The finding comes from a report, appearing in the September issue of the journal Obstetrics and Gynecology, that the maternal mortality rate in the United States increased between 2000 and 2014, even while the rest of the world succeeded in reducing its rate. Excluding California, where maternal mortality declined, and Texas, where it surged, the estimated number of maternal deaths per 100,000 births rose to 23.8 in 2014 from 18.8 in 2000 – or about 27%.
But the report singled out Texas for special concern, saying the doubling of mortality rates in a two-year period was hard to explain “in the absence of war, natural disaster, or severe economic upheaval”.
From 2000 to the end of 2010, Texas’s estimated maternal mortality rate hovered between 17.7 and 18.6 per 100,000 births. But after 2010, that rate had leaped to 33 deaths per 100,000, and in 2014 it was 35.8. Between 2010 and 2014, more than 600 women died for reasons related to their pregnancies.
No other state saw a comparable increase.
In the wake of the report, reproductive health advocates are blaming the increase on Republican-led budget cuts that decimated the ranks of Texas’s reproductive healthcare clinics. In 2011, just as the spike began, the Texas state legislature cut $73.6m from the state’s family planning budget of $111.5m. The two-thirds cut forced more than 80 family planning clinics to shut down across the state. The remaining clinics managed to provide services – such as low-cost or free birth control, cancer screenings and well-woman exams – to only half as many women as before.
The report is here and its interpretation is much more circumspect:
The Texas data are puzzling in that they show a modest increase in maternal mortality from 2000 to 2010 (slope 0.12) followed by a doubling within a 2year period in the reported maternal mortality rate. In 2006, Texas revised its death certificate, including the addition of the U.S. standard pregnancy question, and also implemented an electronic death certificate. However, the 2006 changes did not appreciably affect the maternal mortality trend after adjustment, and the doubling in the rate occurred in 2011–2012. Texas cause-of-death data, like with data for most states, are coded at the National Center for Health Statistics, and this doubling in the rate was not found for other states. Communications with vital statistics personnel in Texas and at the National Center for Health Statistics did not identify any data processing or coding changes that would account for this rapid increase. There were some changes in the provision of women’s health services in Texas from 2011 to 2015, including the closing of several women’s health clinics. Still, in the absence of war, natural disaster, or severe economic upheaval, the doubling of a mortality rate within a 2-year period in a state with almost 400,000 annual births seems unlikely. A future study will examine Texas data by race–ethnicity and detailed causes of death to better understand this unusual finding.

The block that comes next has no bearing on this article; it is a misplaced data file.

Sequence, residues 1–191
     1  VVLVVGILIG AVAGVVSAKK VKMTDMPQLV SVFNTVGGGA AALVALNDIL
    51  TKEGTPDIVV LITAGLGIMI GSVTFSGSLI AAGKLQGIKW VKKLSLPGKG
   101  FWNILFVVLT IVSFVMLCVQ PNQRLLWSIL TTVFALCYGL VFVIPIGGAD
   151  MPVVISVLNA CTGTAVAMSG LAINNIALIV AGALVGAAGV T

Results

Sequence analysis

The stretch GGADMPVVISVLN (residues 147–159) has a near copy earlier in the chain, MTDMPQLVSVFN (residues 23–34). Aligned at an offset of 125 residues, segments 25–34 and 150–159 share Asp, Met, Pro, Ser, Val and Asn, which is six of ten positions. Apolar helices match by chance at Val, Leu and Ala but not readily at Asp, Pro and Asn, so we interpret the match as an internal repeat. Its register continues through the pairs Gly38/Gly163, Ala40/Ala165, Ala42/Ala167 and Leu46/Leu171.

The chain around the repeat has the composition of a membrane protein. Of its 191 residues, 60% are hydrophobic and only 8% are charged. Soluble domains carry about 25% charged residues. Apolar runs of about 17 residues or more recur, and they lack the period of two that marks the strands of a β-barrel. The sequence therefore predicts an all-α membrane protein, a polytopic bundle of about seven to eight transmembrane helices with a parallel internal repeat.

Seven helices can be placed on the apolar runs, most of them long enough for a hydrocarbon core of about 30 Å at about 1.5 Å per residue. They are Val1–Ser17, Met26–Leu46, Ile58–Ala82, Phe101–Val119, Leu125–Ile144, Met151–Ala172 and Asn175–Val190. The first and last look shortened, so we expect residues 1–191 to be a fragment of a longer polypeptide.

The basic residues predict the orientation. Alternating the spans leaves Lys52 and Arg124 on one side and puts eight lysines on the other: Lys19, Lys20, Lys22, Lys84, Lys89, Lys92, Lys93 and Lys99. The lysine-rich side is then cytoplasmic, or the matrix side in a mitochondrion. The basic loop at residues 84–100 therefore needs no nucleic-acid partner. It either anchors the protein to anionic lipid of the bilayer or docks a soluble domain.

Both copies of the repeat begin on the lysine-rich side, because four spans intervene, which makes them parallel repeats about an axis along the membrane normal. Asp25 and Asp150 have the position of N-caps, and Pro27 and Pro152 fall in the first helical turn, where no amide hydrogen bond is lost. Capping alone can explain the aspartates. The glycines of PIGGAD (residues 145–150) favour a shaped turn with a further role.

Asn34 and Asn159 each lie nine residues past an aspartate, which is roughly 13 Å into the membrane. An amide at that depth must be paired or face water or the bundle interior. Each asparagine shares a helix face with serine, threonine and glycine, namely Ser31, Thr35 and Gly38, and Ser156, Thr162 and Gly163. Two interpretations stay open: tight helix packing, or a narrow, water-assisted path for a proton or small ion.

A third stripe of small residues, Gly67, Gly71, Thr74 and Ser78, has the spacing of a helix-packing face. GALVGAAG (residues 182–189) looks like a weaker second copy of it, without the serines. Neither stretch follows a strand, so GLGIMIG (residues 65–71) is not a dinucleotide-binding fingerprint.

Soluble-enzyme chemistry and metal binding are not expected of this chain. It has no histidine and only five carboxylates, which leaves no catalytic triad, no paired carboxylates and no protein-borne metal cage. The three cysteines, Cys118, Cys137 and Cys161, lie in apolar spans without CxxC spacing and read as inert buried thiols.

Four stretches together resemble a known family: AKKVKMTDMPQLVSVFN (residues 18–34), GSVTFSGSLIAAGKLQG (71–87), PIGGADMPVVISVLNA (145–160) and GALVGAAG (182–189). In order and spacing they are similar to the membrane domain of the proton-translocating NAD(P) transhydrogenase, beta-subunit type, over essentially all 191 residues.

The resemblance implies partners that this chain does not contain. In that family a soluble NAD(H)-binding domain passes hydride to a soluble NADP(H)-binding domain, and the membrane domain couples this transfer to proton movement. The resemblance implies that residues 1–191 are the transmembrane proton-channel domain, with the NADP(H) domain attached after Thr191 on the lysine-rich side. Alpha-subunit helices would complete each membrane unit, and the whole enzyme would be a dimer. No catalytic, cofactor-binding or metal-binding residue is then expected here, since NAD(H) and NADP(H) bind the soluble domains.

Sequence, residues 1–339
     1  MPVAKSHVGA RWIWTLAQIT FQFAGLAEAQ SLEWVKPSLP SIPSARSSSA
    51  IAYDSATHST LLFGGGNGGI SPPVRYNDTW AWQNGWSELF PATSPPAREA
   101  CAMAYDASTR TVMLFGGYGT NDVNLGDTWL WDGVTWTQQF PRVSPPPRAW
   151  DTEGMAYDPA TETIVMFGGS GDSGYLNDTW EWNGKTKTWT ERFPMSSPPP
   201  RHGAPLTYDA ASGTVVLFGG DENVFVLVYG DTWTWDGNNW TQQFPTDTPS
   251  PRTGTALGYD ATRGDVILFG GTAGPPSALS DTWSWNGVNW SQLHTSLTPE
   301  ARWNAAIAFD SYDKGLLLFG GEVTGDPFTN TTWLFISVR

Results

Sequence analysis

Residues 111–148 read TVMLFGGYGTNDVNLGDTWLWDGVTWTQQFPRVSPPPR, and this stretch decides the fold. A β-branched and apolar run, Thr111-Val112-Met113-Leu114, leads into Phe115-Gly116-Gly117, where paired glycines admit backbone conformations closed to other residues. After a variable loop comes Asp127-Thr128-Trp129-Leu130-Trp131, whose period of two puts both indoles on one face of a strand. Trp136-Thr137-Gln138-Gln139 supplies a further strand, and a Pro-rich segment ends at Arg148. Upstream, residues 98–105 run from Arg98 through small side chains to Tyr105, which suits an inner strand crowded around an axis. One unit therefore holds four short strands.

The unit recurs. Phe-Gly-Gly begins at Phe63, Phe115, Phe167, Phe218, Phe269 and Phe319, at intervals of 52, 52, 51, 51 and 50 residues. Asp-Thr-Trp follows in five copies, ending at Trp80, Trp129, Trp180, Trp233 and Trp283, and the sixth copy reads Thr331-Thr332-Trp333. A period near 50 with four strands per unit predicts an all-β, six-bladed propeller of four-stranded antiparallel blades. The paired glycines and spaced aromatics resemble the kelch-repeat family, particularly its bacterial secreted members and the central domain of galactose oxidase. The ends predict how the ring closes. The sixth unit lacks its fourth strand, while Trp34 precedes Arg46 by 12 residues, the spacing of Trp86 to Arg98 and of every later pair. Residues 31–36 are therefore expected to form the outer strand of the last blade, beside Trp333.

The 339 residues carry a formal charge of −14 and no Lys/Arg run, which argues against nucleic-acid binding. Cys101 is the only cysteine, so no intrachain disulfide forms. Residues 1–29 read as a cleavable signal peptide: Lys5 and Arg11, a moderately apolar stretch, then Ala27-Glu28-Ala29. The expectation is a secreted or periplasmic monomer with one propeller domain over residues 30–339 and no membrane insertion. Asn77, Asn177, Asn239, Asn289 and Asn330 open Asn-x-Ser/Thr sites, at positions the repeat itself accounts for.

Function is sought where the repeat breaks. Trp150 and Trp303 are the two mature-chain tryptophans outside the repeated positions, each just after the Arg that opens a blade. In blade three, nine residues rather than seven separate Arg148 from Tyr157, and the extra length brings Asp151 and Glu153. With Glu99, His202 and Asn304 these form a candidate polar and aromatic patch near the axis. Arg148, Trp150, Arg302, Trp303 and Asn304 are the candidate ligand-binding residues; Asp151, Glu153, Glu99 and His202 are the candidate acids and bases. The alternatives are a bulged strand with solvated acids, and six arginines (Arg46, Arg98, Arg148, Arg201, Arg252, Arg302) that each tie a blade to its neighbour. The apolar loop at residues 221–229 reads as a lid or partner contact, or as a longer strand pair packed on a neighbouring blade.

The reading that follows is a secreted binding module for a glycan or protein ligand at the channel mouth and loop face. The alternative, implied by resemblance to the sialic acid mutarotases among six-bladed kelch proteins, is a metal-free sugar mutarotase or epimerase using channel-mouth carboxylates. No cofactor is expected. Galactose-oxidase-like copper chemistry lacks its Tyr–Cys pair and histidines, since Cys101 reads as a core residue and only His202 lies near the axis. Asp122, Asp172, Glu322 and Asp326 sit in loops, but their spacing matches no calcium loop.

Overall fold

The study is actually much more scathing in regards to something much more basic:
It is an international embarrassment that the United States, since 2007, has not been able to provide a national maternal mortality rate to international data repositories such as those run by the Organization for Economic Cooperation and Development.22 This inability reflects the chronic underfunding over the past two decades of state and national vital statistics systems. Indeed, it was primarily a lack of funds that led to delays (of more than a decade in many states) in the adoption of the 2003 revised birth and death certificates. This delay created the complex data comparability problem addressed in this study. The lack of publication of U.S. maternal mortality data since 2007 has also meant that these data have received a lesser degree of scrutiny and quality control when compared with published vital statistics measures such as infant mortality. For example, had the National Center for Health Statistics and the Texas vital statistics office both been publishing annual maternal mortality rates, the unusual findings from Texas for 2011–2014 would certainly have been investigated much sooner and in greater detail. Accurate measurement of maternal mortality is an essential first step in prevention efforts, because it can identify at-risk populations and measure the progress of prevention programs.
The study notes the same thing as the WHO does here, the US is one of the few countries in the world where the mortality rate for pregnant women is going up and it has one of the highest in the developed world (for example it is double that of Canada). That’s pathetic.